Editor's letter

Equities are not a good inflation hedge

Institutional investors are definitely now worried about inflation. But they're not yet worried enough to flee to cash, says John Stepek

You can’t really escape from inflation right now. As we discuss in this week's magazine, the evidence now suggests that “inflation is definitely not transitory”. Energy prices are surging even as the government waffles on about ways to make heating our homes even more expensive and less efficient (anyone keen to swap their gas boiler for a heat pump? Thought not).

The latest obscure commodity that we’ve realised the supply chain can’t do without is magnesium. Turns out that it’s not only a key ingredient in the aluminium alloys necessary to make almost any car, but that the supply is almost entirely monopolised by China. Finally, we’re seeing an ongoing global labour shortage, which, as far as I’m aware, is something that no one had expected to see as a post-pandemic outcome. Forecasts of economic “scarring” and jobs shortages were far more common. 

So what are investors doing about it? The latest month survey of global fund managers from Bank of America is revealing. The world’s asset allocators are definitely now worried about inflation. The proportion who fear that inflation is “permanent” rather than “transitory” jumped from 28% in September to 38% this month. Meanwhile, they are more negative on bonds than they have been in the history of the survey (which goes back about 20 years – hardly a long view, but a decent period of time). This makes sense – investors know they don’t want to be in fixed-income assets if inflation, or worse still, interest rates are set to rise. 

However, investors aren’t yet bearish enough to flee to cash (for its optionality – it won’t necessarily protect you from inflation, but it gives you the chance to buy assets cheaper if they crash). Allocations to equities are still high by historic standards. Yet as Ruffer’s Duncan MacInnes recently pointed out on Citywire, equities don’t necessarily do a good job of protecting against inflation either. In fact, even equities with strong pricing power might struggle. Why? Because there are two key factors at play when it comes to equity valuations. One is earnings expectations. But the other is how much the market is willing to pay for those future earnings.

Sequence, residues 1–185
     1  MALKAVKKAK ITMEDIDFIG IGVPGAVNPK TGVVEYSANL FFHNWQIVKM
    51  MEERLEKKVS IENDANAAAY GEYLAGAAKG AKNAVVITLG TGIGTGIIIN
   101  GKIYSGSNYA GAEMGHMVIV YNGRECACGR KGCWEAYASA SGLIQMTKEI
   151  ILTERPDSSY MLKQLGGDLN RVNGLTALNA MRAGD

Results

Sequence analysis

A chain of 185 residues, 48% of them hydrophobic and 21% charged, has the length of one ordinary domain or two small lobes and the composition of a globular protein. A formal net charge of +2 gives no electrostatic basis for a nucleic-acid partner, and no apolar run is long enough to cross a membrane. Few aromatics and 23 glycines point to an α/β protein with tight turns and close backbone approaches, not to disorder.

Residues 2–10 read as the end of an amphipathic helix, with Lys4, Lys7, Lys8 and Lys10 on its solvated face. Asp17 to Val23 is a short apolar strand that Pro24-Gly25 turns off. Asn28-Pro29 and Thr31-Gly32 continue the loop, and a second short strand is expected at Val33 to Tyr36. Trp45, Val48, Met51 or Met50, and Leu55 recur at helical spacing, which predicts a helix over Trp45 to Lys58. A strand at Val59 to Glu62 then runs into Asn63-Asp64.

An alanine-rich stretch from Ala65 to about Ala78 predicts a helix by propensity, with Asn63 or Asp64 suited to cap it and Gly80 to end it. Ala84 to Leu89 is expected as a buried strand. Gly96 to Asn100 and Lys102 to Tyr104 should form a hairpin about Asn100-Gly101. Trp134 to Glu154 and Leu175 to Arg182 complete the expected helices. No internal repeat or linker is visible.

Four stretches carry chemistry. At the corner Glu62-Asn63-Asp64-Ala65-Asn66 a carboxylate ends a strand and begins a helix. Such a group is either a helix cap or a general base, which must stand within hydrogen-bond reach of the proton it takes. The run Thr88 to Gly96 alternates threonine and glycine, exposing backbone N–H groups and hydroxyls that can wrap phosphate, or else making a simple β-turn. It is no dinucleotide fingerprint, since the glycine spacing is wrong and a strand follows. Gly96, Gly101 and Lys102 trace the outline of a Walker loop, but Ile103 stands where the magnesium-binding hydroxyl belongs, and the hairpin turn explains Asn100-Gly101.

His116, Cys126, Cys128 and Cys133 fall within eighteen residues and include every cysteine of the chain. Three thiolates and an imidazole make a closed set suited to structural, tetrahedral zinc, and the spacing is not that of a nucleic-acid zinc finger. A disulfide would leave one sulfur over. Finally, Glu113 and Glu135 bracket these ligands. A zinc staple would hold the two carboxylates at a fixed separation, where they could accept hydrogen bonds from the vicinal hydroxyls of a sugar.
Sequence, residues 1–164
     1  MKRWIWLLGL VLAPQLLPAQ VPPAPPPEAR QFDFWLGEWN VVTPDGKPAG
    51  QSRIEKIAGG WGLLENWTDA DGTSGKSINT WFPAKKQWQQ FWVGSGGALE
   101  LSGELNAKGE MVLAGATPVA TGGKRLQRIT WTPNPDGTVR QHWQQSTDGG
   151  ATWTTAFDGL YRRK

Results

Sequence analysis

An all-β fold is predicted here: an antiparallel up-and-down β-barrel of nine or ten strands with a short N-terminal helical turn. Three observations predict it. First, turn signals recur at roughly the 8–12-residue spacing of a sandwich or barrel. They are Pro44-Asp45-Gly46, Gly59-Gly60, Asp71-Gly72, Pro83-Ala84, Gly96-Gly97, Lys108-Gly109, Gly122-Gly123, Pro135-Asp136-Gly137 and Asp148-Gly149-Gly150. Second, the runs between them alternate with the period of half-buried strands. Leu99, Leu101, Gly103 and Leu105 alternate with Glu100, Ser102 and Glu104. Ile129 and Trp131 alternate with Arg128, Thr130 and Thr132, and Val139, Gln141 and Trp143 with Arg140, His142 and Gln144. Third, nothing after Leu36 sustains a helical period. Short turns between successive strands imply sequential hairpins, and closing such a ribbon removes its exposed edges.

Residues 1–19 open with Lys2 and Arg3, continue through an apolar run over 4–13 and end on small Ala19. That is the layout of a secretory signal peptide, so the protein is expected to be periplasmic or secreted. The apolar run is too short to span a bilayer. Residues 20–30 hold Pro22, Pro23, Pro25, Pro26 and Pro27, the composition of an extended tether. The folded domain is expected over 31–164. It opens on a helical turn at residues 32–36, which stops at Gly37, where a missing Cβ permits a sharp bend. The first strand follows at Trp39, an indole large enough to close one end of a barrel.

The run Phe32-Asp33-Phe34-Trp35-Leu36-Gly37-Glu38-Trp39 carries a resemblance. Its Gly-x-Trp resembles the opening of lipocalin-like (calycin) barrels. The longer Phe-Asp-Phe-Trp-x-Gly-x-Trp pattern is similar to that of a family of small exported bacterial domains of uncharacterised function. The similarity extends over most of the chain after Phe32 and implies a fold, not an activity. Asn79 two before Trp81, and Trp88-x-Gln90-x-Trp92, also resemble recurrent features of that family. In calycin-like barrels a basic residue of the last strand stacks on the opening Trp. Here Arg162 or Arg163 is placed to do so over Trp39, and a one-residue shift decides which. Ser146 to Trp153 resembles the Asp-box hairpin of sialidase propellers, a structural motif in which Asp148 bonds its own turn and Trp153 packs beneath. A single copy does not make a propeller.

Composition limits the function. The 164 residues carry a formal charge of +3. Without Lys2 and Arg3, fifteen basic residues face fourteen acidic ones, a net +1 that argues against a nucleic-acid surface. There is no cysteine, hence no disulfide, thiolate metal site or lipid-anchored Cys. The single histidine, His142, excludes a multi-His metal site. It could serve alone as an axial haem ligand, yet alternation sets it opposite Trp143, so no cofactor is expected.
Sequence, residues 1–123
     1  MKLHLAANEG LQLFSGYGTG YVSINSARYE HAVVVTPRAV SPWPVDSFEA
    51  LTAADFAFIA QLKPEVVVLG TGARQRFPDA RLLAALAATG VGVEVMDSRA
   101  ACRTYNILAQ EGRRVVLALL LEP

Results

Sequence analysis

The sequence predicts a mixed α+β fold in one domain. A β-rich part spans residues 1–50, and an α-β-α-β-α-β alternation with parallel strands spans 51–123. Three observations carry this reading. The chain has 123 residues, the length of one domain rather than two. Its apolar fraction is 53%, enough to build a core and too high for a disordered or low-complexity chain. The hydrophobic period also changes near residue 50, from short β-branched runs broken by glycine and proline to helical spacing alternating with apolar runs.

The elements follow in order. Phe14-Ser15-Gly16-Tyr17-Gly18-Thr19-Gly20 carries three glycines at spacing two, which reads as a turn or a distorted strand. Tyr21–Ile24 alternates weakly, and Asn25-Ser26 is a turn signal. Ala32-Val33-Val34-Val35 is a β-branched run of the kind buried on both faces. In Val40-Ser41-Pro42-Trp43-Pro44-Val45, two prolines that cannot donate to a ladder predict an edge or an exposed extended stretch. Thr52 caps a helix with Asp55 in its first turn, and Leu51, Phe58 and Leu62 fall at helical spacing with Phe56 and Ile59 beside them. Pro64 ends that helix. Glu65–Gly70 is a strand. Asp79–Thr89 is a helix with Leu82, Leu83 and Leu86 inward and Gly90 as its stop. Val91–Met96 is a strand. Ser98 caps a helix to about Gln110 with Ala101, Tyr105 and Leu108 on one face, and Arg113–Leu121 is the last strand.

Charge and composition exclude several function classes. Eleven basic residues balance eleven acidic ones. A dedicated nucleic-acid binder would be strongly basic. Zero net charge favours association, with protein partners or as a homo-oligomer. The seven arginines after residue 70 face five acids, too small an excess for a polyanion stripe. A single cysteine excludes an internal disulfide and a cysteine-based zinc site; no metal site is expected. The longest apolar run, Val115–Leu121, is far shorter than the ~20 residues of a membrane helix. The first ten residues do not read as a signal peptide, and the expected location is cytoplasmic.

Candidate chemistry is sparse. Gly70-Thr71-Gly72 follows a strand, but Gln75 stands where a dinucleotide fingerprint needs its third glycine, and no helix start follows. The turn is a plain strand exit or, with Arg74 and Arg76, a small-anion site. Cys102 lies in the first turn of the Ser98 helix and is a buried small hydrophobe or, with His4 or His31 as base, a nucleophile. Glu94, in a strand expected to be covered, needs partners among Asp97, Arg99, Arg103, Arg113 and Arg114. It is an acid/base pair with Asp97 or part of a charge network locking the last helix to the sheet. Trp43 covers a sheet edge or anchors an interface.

During a period of inflation, a firm may well use its pricing power to preserve, or even grow earnings in real terms (ie, after inflation). Yet the price investors are willing to pay for those earnings may fall. MacInnes cites US confectioner Hershey’s during the 1970s. The firm grew real earnings per share by two thirds between 1972 and 1975. Yet over the same period the share price fell by as much as two thirds, because the instability associated with inflation saw investors demand a much higher risk premium for buying stocks, which meant the multiple (ie, the price/earnings, or p/e, ratio) they were willing to pay fell sharply. 

This makes sense. It also bodes ill for markets – US markets especially – because we’re starting with p/es at extreme highs compared with history. There are some places to hide – precious metals, commodity producers, certain financial stocks, certain emerging and frontier markets – but investors should be preparing for a very different backdrop to the one we’ve grown used to in the past decade. We’ll be discussing all of this at the MoneyWeek Wealth Summit on 25 November. Buy your ticket and learn more at moneyweekwealthsummit.co.uk.

Recommended

Will energy prices go down in 2023?
Personal finance

Will energy prices go down in 2023?

Wholesale gas prices are on a downward trajectory, but does this mean lower energy bills later this year?
27 Jan 2023
Best regular savings accounts – January 2023
Savings

Best regular savings accounts – January 2023

You can earn an attractive rate on the best regular savings accounts. We tell you the best on the market to take advantage of right now
27 Jan 2023
Equity release v downsizing – which is best?
Personal finance

Equity release v downsizing – which is best?

Equity release hit a record high in 2022. But is downsizing a better way to hold on to your money?
27 Jan 2023
Self-assessment tax returns: what you need to know about getting your tax bill right
Income tax

Self-assessment tax returns: what you need to know about getting your tax bill right

Understanding how self assessment works can help you ensure you pay the right amount of tax, as well as avoid penalties for missing the deadline.
27 Jan 2023

Most Popular

House prices could fall 30%. Should investors be worried about a repeat of 2008?
Investments

House prices could fall 30%. Should investors be worried about a repeat of 2008?

Some analysts are predicting that house prices could fall as much as 30%, which, when compared to the fact that prices have jumped 28% since April 201…
24 Jan 2023
When will interest rates go up?
UK Economy

When will interest rates go up?

New interest rates will be announced on 2 February – we look at what to expect.
26 Jan 2023
Is the State Pension triple lock doomed to fail?
Pensions

Is the State Pension triple lock doomed to fail?

The State Pension triple lock guarantees an increase in the state pension every year, but this assumes government income grows every year as well, whi…
25 Jan 2023